UPDATE: Richard McEnroe suspects that we have attracted trolls of theagent provocateur type, who are posting anti-homosexual statements in the comments in a stealthy effort to elicit derogatory reactions from other commenters, thus to “prove” that anyone who doesn’t like MMFA is a right-wing bigot. Whether or not McEnroe’s suspicion is justfied, I don’t claim to know, but consider yourself warned.

One Man's Lonely, Fruitless Search for a Media Matters Patsy

If you've missed the Daily Caller's investigative reports on Media Matters, you've missed a bunch of dirt about David Brock and a hilariously over-the-top 2009 e-mail from a former staffer recommending total war on Fox. You've also missed one of the more disastrous attempts at feud-starting that I've seen in one of these recent online media fooferahs. The target: Ben Smith, BuzzFeed's editor. The evidence: Anonymous sources calling him an easy mark.
“Ben Smith [formerly of Politico, now at BuzzFeed.com] will take stories and write what you want him to write,” explained the former employee, whose account was confirmed by other sources. Staffers at Media Matters “knew they could dump stuff to Ben Smith, they knew they could dump it at Plum Line [Greg Sargent’s Washington Post blog], so that’s where they sent it.”
The oddity: Nineteen grafs later, in the same story, Smith appears again as a trouble-starter.
Last spring, some at Media Matters headquarters and in other parts of the progressive world were caught off guard by an interview Brock gave to Ben Smith at Politico, in which he promised to wage “guerrilla warfare and sabotage” against Fox News. “It was insane,” says a coworker. “David was totally manic at the time. We were all shocked.”
If Smith was such a patsy, how did he end up damaging Media Matters? And he really did damage them -- the Brock interview became the basis for an attack by conservatives on Media Matters's tax-exempt status. Smith got Brock to brag about a "war on Fox." Dylan Byers, who was hired to help Smith in 2011, then took over his blog, responded to the new DC story by pointing out that it hyped a dynamite Media Matters planning that Smith had snagged for his Brock interview. The DC, wrote Byers, was "sourcing the same material as though it were exclusive a year after the fact."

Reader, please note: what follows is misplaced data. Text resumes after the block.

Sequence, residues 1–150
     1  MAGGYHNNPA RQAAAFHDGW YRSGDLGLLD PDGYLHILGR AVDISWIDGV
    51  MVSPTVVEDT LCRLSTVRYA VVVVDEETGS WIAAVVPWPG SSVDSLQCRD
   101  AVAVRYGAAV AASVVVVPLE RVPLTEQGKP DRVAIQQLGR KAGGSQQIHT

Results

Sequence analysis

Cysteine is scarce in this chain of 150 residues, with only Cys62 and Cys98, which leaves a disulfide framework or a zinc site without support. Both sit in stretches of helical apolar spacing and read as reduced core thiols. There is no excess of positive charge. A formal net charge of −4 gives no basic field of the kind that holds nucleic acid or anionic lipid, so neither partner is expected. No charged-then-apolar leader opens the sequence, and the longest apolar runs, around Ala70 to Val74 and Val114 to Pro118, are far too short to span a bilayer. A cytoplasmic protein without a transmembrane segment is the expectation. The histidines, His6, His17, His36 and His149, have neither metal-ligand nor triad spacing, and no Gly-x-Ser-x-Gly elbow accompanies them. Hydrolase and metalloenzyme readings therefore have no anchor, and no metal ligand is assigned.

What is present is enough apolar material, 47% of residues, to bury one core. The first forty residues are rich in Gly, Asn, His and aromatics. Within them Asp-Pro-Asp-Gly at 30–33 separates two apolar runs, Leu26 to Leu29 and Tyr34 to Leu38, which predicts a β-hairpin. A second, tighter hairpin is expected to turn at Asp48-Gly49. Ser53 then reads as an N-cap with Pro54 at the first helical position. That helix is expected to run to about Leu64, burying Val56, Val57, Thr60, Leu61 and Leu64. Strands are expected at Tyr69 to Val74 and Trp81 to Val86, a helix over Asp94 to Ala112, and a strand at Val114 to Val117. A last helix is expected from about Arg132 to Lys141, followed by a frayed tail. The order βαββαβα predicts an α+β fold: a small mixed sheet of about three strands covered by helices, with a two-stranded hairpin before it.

The response from the DC: A piece by Will Rahn and Alex Pappas accusing Smith of a cover-up.
Smith curiously withheld key parts of the 89-page document when he published his story, “Media Matters’ war against Fox,” in March 2011.
The Daily Caller became aware of this after obtaining the same document while reporting the series “Inside Media Matters,” which debuted here late Sunday night.
Smith made no mention of Media Matters targeting organizations other than Fox News, such as the libertarian Cato Institute and the conservative Heritage Foundation. Nor does he reveal that, according to the memo, Media Matters was intent on researching Republican political figures like Republican former U.S. Senate candidate Carly Fiorina and Republican Virginia Rep. Eric Cantor, and the prominent libertarian political donor Peter Thiel.
Should Smith have posted the entire memo in 2011? I think so, but he doesn't regret it. "The reason that story doesn't stress the memo," Smith tells me, "is that Brock said things that were so much more compelling than anything in the memo. He called it 'sabotage and guerilla war.' Which was just … stronger than anything in the memo. So I led with that."
Plus: The memo, all available at the DC, is largely about Fox News. Smith's story was about Fox News. The references to Thiel et al cast them as figures in the Fox News network. An "opposition research team" would go after Thiel because he "directly funded, through a small government group, prior racist attack videos by James O'Keefe," who in the liberal imagination attained power because his videos blew up on Fox.
Does the Caller's story work without the media figures being presented as finks? I think it does: This is a highly interesting look into how an aggressive think tank works, and how it gets people to pay attention to its stuff. Let a thousand leakers bloom! But the attacks on Smith and others, which include no actual examples of them falling for Media Matters traps, paint a fictional picture of the media in which only DC reporters attack the liberal establishment. In his second piece of the series, about that 2009 e-mail, Carlson offers another funny scoop about the Brock-o-verse.
Finally, the memo suggests that drones in the Media Matters research department ought to ghost-write an extended hit on the network: “[W]e should write a book under David’s name that savages Fox News and Fox News employees. The market for this is likely huge.”
An exclusive? Almost. In his 2011 story, Smith scooped the details of that book deal. Media Matters, he reported, "hired two experienced reporters, Joe Strupp and Alexander Zaitchik, to dig into Fox’s operation to help assemble a book on the network, due out in 2012 from Vintage/Anchor." And I've written this far without mentioning the neutron bomb Smith dropped on Media Matters in December, about liberal anger at the group employing Israel critics. The DC has a good story about how Media Matters's ambition and strategy; it doesn't have the goods about the media itself.